It had the feel of the TV show, “Shark Tank”, as people made their pitches for funding a series of community events in Jonesboro Wednesday. A key commission with responsibility on the funding approved the requests of nearly 20 groups to have events funded for next year.
The Jonesboro Advertising and Promotion Commission met Wednesday to review the commission’s 2016 budget and hear about funding requests. The city of Jonesboro has a sales tax set aside for advertising and promotion projects in the city. The tax was approved in 1986 due to a state law allowing city councils to collect up to 3% on the renting of hotel rooms.
The Jonesboro revenue comes from the 3% hotel room tax in Jonesboro and was originally set up to help fund the Foundation of the Arts. The group, based in Jonesboro, hosts theater and arts programs in Jonesboro for children and adults.
Since then, the tax proceeds have helped to fund other local sports programs, quality of life projects, concerts and tourism events like the NEA Sports Show and the Health and Fitness Expo by St. Bernards Healthcare. Commission Chairman Thom Beasley said he expects the tax to bring in $750,000 and $800,000 in revenues next year.
As of October 2015, the tax has brought in $530,067.62 while having $508,992.63 in expenses, chamber official Cari White told commissioners. Beasley said officials expect another $100,000 in funding for the remainder of this year from the tax.
The city has seen an increase in revenues due to an increased number of baseball tournaments in the past couple of years. Many of the teams in the tournaments come from out of town, staying at the city’s hotels, Beasley said. The city hosted the Cal Ripken 10 and under national tournament earlier this year, with teams and families from 10 states visiting Jonesboro. City officials have estimated that the tournament alone would bring in close to $2 million in economic impact.
Beasley said the commission has set aside about $400,000 in the past year or more to help fund the events. As for the requests this year, Beasley said the commission needed to be judicious with not all groups getting exactly what they want.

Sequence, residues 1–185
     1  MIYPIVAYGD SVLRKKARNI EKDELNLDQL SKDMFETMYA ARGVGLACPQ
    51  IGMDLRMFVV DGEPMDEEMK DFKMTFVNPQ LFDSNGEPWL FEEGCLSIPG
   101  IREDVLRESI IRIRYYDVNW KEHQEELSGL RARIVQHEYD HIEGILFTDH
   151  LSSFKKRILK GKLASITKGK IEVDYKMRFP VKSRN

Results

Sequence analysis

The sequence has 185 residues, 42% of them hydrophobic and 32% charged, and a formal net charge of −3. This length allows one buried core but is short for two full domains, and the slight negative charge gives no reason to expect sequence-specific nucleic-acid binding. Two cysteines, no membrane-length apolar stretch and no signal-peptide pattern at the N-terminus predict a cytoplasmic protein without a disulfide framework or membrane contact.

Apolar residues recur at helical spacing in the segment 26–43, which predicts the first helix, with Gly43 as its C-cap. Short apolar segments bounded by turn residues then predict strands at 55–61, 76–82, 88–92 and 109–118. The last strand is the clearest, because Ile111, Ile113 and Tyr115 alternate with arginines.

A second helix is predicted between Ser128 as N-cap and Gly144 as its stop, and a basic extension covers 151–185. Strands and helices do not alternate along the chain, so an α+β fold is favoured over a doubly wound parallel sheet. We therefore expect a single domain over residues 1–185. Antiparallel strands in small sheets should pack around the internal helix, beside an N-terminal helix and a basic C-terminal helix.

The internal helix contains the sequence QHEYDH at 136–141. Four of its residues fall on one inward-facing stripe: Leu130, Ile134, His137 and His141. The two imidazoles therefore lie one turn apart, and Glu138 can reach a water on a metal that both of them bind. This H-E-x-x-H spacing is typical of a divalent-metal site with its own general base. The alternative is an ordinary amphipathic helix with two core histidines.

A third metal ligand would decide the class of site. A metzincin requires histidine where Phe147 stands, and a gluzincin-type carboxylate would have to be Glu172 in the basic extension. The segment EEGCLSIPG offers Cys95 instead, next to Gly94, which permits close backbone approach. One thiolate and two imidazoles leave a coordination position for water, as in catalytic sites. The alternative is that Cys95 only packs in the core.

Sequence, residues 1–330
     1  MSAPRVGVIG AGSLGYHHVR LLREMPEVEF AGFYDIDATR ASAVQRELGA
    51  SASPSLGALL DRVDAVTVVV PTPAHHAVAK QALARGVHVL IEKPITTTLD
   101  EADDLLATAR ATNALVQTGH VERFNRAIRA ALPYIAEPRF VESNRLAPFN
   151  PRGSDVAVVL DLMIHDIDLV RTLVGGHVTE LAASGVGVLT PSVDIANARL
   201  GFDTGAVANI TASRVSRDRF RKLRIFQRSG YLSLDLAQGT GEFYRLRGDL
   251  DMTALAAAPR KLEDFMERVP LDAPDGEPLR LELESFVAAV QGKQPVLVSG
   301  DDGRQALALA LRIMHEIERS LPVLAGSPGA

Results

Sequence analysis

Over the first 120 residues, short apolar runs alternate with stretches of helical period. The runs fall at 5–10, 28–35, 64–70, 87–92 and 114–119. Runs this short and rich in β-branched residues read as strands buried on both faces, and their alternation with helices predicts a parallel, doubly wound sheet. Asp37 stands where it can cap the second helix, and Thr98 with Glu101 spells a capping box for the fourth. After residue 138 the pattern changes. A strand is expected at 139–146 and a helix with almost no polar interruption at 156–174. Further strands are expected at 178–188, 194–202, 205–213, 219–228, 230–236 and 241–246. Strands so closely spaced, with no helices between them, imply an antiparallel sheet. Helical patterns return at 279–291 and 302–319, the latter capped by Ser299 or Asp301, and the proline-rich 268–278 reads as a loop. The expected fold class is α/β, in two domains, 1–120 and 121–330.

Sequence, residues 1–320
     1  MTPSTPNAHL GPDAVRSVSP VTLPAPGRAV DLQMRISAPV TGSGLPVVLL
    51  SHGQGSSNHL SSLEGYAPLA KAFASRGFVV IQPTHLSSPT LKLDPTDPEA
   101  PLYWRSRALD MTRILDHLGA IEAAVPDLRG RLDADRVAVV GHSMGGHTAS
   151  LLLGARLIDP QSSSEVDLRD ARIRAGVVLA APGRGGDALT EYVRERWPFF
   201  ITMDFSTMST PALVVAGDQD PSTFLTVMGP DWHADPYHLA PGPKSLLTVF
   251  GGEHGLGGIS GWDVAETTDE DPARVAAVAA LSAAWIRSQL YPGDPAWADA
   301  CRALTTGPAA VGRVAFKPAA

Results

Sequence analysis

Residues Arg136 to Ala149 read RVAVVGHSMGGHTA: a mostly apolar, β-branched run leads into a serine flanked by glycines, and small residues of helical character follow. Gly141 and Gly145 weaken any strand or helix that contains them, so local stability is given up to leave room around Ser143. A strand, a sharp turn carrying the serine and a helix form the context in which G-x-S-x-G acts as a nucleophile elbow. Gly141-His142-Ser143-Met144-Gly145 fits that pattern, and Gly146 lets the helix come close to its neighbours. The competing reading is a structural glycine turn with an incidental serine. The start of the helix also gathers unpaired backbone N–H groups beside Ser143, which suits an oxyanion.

Beasley said the A&P tax also funds projects throughout the year, with at least two major convention center projects possibly in the offing for Jonesboro. An Illinois-based company, Keller Management and a Missouri-based company, O’Reilly Hotel Management, have competing projects in Jonesboro. Keller is wanting to build a convention center at the former Arkansas Services Center site on US 63, while O’Reilly is wanting to build a convention center at the former track and field complex at ASU.
Beasley said both projects will help bring people to Jonesboro and increase the coffers of the hotel/motel tax.
The following projects were funded for 2016.
• Foundation of the Arts – $54,900
• Riding on the Ridge – $35,000
• Jonesboro Rotary Club for the NEA Sportshow – $30,000
• St. Bernards Healthcare for the Health and Fitness Expo – $25,000
• Duck Classic – $16,545. The event, held in December each year, helps to fund projects managed by the NEA Baptist Charitable Foundation.
• University Heights Lions Club for their annual car show – $15,000. The show helps to fund club projects, including buying eyeglasses for people in need.
• City Youth Ministries – $11,000
• Jonesboro Hispanic Celebration – $9,000
• Delta Symphony Orchestra – $9,000
• Jonesboro Bowling Association for hosting the Jonesboro Open bowling tournament (which will air on ESPN 2) – $8,500
• Martin Luther King Jr. Commission of Jonesboro for the Martin Luther King Jr. Parade – $6,300
• WHEDL (Power Lifting Competition) – $5,000
• The Learning Center of Northeast Arkansas to host Dog Fest – $5,000. The group works with developmentally disabled adults and children in Jonesboro and Northeast Arkansas.
• Crowley’s Ridge Cruisers (for hosting area car shows) – $5,000
• The Role of Music, a music program for children and adults with special needs – $2,500
• Disk Side of Heaven (for a disk golf regional tournament) – $1,500
The commission also voted Wednesday to table discussing funding for the St. Jude Xtravaganza until legal advice is received. The event, held on Super Bowl Sunday, has raised $4 million for the Memphis-based children’s hospital. While commission members didn’t object to helping the hospital, there was some question as to whether or not a local sales tax, under state law, could be used to help an out of state hospital.
The request is expected to be revisited at the commission’s January meeting.